Impacts of a Destructive and Well-Observed Cross-Country Winter Storm

Brooks E. Martner
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Robert M. Rauber
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Roy M. Rasmussen
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Erwin T. Prater
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Mohan K. Ramamurthy
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A winter storm that crossed the continental United States in mid-February 1990 produced hazardous weather across a vast area of the nation. A wide range of severe weather was reported, including heavy snowfall; freezing rain and drizzle; thunderstorms with destructive winds, lightning, large hail, and tornadoes; prolonged heavy rain with subsequent flooding; frost damage to citrus orchards; and sustained destructive winds not associated with thunderstorms. Low-end preliminary estimates of impacts included 9 deaths, 27 injuries, and $120 million of property damage. At least 35 states and southeastern Canada were adversely affected. The storm occurred during the field operations of four independent atmospheric research projects that obtained special, detailed observations of it from the Rocky Mountains to the eastern Great Lakes.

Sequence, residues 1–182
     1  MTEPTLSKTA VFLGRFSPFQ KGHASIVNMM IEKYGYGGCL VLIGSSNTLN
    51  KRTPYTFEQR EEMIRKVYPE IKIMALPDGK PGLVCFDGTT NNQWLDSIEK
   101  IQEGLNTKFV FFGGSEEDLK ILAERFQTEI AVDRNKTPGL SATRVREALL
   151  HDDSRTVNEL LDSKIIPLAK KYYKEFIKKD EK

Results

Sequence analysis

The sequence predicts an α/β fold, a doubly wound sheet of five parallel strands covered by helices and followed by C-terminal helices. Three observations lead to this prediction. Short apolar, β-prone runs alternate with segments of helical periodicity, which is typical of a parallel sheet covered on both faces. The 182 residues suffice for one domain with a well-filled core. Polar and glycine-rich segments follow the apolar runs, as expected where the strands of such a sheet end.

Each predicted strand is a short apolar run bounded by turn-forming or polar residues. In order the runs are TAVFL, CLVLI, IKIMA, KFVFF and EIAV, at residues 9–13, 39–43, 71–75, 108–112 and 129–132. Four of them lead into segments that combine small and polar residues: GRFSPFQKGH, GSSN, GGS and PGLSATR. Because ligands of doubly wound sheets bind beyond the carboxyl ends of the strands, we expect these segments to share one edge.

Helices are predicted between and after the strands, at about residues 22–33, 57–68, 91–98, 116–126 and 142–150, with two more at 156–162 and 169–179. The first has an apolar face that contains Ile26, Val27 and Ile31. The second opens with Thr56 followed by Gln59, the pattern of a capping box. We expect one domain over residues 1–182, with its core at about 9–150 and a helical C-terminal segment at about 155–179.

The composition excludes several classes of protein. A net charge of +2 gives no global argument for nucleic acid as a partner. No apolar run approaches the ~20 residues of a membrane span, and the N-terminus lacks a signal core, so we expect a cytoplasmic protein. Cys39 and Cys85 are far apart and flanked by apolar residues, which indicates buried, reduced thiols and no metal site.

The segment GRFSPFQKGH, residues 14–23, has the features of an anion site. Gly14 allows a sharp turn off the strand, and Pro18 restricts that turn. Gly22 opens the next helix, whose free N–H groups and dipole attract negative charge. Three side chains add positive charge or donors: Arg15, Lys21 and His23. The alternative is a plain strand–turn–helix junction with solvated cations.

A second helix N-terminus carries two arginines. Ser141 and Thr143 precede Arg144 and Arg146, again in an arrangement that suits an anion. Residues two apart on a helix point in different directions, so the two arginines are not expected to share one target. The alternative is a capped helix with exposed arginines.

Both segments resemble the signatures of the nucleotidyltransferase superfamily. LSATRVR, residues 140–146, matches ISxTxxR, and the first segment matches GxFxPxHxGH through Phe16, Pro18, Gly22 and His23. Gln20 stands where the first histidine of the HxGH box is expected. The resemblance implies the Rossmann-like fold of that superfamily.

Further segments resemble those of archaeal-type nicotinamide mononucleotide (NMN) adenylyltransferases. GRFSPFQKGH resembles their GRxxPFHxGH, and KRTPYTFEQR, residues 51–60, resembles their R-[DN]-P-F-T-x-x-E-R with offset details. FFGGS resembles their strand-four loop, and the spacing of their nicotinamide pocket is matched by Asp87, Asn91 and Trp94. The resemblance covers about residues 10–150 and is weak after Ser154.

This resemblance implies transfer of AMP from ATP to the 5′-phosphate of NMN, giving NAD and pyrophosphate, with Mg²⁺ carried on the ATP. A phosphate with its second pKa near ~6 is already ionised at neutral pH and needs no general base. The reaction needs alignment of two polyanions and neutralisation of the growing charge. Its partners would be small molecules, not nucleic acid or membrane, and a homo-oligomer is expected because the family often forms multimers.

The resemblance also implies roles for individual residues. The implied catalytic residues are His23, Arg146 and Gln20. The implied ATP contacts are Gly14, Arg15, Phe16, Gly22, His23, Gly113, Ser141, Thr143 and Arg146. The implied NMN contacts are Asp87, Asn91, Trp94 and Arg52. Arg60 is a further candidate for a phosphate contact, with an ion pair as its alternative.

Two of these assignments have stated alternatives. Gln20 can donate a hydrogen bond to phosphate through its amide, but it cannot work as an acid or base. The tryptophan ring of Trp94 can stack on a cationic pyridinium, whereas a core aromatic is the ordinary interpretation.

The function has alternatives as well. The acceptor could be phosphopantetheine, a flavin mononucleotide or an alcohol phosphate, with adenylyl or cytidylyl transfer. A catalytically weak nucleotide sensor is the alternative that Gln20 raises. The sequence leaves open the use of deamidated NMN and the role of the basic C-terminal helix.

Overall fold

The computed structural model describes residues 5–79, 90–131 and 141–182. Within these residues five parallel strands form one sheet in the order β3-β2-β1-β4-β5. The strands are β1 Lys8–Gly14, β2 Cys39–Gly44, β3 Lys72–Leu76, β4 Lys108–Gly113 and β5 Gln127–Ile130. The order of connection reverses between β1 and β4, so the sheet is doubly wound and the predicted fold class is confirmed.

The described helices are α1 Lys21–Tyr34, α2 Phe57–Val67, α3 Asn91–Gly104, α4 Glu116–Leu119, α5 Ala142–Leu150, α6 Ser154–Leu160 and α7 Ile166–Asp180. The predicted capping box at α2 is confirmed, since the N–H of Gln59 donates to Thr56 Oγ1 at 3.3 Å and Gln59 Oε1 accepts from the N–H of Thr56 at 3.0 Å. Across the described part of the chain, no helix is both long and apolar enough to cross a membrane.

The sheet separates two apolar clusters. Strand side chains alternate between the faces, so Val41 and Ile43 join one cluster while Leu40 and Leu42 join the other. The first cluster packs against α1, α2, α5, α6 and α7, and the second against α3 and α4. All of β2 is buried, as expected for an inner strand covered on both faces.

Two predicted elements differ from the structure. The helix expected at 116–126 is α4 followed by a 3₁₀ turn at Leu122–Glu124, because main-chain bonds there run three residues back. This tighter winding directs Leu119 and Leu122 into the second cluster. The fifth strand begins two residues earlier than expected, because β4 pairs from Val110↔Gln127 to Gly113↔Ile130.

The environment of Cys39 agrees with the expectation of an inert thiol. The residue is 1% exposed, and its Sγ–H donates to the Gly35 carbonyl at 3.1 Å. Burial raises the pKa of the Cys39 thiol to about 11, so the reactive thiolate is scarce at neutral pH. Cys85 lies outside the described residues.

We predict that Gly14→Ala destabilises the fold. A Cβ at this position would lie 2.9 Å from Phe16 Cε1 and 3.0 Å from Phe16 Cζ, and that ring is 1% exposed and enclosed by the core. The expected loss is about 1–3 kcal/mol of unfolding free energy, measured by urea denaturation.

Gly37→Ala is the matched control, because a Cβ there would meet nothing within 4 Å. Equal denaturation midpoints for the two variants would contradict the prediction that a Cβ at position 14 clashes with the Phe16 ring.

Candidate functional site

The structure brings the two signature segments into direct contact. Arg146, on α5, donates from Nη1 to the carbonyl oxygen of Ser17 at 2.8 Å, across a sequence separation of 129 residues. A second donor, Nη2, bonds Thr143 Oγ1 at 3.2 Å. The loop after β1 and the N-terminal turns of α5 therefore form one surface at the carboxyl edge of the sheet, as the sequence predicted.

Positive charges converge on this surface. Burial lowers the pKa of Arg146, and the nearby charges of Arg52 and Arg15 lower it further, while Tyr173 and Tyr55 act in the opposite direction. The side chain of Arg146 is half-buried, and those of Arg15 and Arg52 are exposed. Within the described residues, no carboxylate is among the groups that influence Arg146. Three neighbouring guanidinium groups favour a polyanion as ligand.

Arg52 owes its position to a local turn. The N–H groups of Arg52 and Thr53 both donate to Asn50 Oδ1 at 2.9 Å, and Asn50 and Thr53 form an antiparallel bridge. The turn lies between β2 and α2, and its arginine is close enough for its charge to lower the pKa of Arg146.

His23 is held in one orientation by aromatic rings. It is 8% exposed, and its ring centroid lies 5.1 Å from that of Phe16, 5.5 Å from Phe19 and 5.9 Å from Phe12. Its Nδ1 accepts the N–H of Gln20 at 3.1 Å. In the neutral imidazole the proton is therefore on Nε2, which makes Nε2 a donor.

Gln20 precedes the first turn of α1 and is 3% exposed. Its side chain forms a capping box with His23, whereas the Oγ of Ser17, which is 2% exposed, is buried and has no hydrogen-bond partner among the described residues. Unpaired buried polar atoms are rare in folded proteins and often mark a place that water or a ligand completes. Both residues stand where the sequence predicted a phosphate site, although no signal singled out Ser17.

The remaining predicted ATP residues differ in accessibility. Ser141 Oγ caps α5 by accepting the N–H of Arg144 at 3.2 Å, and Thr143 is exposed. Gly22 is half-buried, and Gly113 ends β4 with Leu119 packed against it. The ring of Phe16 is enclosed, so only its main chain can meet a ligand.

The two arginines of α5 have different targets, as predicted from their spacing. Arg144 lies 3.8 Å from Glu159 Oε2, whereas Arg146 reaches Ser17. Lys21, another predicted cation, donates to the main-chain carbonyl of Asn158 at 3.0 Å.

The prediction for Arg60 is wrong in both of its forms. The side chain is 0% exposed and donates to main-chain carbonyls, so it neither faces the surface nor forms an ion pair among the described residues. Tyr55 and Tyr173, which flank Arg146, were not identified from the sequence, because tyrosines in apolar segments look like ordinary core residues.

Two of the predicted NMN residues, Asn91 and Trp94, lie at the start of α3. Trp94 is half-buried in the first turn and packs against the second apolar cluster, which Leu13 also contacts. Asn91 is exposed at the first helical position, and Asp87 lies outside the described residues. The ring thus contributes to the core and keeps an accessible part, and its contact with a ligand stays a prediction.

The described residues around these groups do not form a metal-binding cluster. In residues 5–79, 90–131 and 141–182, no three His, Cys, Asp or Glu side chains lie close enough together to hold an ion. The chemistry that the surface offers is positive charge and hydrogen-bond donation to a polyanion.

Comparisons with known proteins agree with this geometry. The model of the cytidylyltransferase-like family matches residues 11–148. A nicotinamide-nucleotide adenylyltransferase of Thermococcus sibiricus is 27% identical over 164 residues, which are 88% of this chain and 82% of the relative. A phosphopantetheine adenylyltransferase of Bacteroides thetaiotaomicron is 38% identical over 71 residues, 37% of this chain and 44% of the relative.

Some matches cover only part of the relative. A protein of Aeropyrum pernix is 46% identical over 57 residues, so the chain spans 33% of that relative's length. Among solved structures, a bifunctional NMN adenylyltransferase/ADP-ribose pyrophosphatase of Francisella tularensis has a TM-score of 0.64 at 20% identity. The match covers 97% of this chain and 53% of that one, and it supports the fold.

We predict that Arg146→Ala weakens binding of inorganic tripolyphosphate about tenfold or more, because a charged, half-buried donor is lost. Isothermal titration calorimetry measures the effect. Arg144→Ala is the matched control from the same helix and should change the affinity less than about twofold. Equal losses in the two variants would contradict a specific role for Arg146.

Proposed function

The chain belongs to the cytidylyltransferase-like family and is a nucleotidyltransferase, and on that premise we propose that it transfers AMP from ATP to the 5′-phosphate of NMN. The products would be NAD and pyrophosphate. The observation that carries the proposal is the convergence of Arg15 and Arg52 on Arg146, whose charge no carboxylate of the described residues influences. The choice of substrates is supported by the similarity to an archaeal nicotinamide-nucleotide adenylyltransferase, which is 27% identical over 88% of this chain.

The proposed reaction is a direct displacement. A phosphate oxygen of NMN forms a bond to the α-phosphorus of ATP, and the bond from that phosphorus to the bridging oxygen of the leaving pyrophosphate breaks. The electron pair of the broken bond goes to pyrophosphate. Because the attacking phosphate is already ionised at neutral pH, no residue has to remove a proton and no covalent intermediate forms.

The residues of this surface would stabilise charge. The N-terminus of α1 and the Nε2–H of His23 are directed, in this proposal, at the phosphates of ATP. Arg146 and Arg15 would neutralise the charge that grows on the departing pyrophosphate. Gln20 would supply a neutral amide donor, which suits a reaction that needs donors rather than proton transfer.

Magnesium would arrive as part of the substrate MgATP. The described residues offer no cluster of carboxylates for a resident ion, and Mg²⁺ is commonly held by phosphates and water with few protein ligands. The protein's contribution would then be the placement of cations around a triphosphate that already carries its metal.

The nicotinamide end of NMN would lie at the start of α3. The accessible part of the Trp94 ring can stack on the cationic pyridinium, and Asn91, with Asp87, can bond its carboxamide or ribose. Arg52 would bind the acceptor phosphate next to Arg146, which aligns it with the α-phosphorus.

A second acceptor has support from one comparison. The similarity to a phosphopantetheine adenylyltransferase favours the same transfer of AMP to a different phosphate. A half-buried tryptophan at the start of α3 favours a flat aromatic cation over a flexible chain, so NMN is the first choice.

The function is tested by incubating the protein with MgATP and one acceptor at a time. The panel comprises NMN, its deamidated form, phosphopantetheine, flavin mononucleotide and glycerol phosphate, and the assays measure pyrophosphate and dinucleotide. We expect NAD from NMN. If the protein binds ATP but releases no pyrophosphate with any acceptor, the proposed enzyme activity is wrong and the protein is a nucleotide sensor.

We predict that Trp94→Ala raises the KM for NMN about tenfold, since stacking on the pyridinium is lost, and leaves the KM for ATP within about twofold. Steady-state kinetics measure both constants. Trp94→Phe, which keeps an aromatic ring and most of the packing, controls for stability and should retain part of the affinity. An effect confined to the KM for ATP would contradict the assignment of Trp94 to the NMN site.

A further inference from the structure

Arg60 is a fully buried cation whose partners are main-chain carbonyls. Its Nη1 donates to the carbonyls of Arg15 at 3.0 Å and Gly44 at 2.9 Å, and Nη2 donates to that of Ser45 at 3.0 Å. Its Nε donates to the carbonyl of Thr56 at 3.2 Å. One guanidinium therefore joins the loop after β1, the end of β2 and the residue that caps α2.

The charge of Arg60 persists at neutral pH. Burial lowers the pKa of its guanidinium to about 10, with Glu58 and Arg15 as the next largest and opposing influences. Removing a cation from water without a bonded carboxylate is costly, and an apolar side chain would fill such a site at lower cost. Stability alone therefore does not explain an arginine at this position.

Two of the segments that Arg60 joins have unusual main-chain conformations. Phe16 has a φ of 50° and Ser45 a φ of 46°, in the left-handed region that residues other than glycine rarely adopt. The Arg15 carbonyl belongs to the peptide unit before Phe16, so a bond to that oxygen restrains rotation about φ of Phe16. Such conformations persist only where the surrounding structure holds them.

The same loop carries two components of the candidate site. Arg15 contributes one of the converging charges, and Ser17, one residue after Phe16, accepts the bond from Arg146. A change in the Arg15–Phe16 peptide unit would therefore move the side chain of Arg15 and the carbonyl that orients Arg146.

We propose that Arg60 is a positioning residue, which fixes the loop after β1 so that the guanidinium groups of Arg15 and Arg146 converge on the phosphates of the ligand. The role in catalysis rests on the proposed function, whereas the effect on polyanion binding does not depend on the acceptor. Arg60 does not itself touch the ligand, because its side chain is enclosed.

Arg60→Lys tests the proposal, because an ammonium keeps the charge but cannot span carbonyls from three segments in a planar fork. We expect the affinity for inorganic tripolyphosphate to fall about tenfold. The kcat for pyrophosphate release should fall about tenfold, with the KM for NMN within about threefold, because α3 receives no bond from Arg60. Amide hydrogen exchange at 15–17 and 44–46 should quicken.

*NOAA/ERL/Wave Propagation Laboratory, Boulder, CO 80303.

+Dept. of Atmospheric Sciences, University of Illinois, Urbana, IL 61801.

**National Center for Atmospheric Research, Boulder, CO 80307.

++Dept. of Atmospheric Sciences, University of North Dakota, Grand Forks, ND 58202.

A winter storm that crossed the continental United States in mid-February 1990 produced hazardous weather across a vast area of the nation. A wide range of severe weather was reported, including heavy snowfall; freezing rain and drizzle; thunderstorms with destructive winds, lightning, large hail, and tornadoes; prolonged heavy rain with subsequent flooding; frost damage to citrus orchards; and sustained destructive winds not associated with thunderstorms. Low-end preliminary estimates of impacts included 9 deaths, 27 injuries, and $120 million of property damage. At least 35 states and southeastern Canada were adversely affected. The storm occurred during the field operations of four independent atmospheric research projects that obtained special, detailed observations of it from the Rocky Mountains to the eastern Great Lakes.

*NOAA/ERL/Wave Propagation Laboratory, Boulder, CO 80303.

+Dept. of Atmospheric Sciences, University of Illinois, Urbana, IL 61801.

**National Center for Atmospheric Research, Boulder, CO 80307.

++Dept. of Atmospheric Sciences, University of North Dakota, Grand Forks, ND 58202.

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